1997 – Another Rum Callout .
|8 Jun 97||Isle of Rum||After a long day on the hill just as we were leaving Skye. Injured bird watcher .). Technical carry out of casualty with head injuries and dislocated shoulder. Hellish walk in with all the gear after helicopter drop off by Bristows Stornoway SAR Helicopter at sea – level due to weather. Locals were of great assistance. From the RAF Kinloss Call -outs.|
The Mountain Rescue Weekend Training Exercise was planned for Skye, even though the weather was poor we had a good weekend on the wet rock in Corrie Lagan. Skye is hard work with sea level approaches making every summit or climb hard won. The drive from Kinloss can take up to 5 hours so Sunday is a short day and I was away early with Martin as he wanted to tick Cioch Direct a classic route on Sgur Na Ciche. It was a quick climb up early and back for a meal about 1600 for a meal then the long drive home. As we were leaving the bothy in Broadford the village Hall to RAF Kinloss a message came in to assist in a callout to the Island of Rum. This is a fairly remote area which was owned by the Nature Conservancy, access was by ferry and boat and in our case by Helicopter from Stornoway. The island of Rum has a population of less than one -hundred and a road which is one mile long! The hills are very rough with only a few paths and the terrain involves serious, remote, mountains although they are less than 3000 feet. It is a place to see nature in the wild and the annual nesting of the Manx Shearwaters is an incredible sight. It attracts lovers of the wild birdwatchers and the traverse of the Rum Ridge is a great day. Most climber’s goal is to traverse this ridge, which is one of Scotland’s finest rock-scrambling routes. There is also some great rock climbs that few have climbed on and lots to do in the future.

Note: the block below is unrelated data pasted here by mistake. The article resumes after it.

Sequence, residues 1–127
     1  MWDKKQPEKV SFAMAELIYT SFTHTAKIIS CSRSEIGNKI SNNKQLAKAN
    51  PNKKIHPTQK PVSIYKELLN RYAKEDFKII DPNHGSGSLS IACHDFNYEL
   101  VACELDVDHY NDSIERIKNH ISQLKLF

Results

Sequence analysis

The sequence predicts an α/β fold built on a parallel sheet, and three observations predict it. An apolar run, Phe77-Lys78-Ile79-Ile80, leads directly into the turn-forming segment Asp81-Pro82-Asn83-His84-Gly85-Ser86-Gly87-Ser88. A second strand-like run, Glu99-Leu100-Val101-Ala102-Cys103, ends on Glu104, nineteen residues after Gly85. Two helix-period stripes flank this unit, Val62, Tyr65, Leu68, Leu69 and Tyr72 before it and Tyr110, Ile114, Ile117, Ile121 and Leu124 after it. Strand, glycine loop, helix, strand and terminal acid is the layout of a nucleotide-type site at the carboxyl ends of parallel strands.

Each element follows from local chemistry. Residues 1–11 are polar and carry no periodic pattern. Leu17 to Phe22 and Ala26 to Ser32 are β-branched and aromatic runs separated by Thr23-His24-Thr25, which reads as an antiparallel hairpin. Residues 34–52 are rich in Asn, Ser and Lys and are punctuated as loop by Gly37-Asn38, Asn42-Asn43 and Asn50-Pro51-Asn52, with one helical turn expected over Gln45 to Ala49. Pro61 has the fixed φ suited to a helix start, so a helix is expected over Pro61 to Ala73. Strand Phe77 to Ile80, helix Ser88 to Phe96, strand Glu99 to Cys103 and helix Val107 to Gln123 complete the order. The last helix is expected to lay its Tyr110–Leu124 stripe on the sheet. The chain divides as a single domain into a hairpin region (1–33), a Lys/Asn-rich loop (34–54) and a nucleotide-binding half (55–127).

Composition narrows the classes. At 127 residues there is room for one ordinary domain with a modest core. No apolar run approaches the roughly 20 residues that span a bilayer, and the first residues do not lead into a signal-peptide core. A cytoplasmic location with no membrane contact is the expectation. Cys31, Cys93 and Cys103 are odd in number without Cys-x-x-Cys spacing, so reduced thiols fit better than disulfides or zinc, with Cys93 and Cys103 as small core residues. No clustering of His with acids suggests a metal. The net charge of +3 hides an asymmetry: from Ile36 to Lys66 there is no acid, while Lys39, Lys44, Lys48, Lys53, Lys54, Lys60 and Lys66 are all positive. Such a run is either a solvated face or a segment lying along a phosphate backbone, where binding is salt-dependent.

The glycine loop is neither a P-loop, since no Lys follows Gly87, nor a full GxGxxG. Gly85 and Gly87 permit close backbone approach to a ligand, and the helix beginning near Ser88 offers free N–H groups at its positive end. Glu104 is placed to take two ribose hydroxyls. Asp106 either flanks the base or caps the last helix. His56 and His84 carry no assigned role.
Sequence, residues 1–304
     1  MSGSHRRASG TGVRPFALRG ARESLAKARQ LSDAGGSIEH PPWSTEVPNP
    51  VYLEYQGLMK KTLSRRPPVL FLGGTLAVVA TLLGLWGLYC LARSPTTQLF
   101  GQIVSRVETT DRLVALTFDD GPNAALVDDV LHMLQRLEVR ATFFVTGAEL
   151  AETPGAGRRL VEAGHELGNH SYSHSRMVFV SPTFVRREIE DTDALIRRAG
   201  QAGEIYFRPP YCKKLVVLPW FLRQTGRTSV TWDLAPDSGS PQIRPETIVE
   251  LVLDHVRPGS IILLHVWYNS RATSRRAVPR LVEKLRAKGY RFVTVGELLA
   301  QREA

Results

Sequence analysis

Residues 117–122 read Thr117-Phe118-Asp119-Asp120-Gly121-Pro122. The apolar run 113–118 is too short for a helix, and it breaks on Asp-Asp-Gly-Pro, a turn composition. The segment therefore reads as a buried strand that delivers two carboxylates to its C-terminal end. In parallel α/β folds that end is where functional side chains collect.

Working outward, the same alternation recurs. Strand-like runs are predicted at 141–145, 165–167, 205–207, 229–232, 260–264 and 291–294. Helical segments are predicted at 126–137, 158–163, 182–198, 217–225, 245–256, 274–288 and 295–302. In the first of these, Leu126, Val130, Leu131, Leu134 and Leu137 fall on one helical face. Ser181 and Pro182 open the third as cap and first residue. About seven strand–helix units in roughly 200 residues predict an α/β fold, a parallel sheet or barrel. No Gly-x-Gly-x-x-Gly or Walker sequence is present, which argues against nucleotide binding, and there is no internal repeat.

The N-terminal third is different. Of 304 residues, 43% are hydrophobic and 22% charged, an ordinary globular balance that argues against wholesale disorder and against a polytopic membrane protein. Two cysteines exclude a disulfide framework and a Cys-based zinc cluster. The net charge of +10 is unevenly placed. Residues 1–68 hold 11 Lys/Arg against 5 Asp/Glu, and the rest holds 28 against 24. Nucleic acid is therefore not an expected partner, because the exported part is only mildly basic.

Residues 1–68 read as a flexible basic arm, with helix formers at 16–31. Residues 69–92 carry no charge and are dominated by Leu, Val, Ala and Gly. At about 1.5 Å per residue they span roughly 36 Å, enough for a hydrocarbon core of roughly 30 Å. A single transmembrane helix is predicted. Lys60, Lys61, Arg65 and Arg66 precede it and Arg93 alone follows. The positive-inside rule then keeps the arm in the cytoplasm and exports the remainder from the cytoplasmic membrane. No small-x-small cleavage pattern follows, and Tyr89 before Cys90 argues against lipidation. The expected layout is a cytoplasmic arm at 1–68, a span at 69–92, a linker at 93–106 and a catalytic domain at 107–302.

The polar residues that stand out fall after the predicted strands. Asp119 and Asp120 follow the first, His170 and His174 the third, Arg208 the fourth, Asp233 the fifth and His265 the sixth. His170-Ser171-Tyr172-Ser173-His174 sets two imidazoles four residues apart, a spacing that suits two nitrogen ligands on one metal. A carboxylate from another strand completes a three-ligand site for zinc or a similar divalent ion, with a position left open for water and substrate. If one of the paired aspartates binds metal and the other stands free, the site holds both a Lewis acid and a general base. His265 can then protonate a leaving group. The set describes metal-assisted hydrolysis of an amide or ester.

Most walkers want to ascend the main peaks on this ridge, including the Norse named Corbetts of Askival and Ainshval, great hills and an incredible ridge walk as good as anything in the UK. The views of Skye and the Islands are incredible it is an unique place. The Mountain Rescue team had in the past had a few epic callouts in Rum, I had carried out a couple of these, involving long carry – offs in difficult terrain.. The team had only recently visited the Island to train with the local Coastguards and gain some area knowledge, hopefully this would help us! Bristows Helicopter arrived within 10 minutes and a party of nine were sent to assess the situation. High winds and severe turbulence would only allow the helicopter to drop our hill party at Kinloch near the Castle which was four miles away from the incident and unfortunately at sea – level.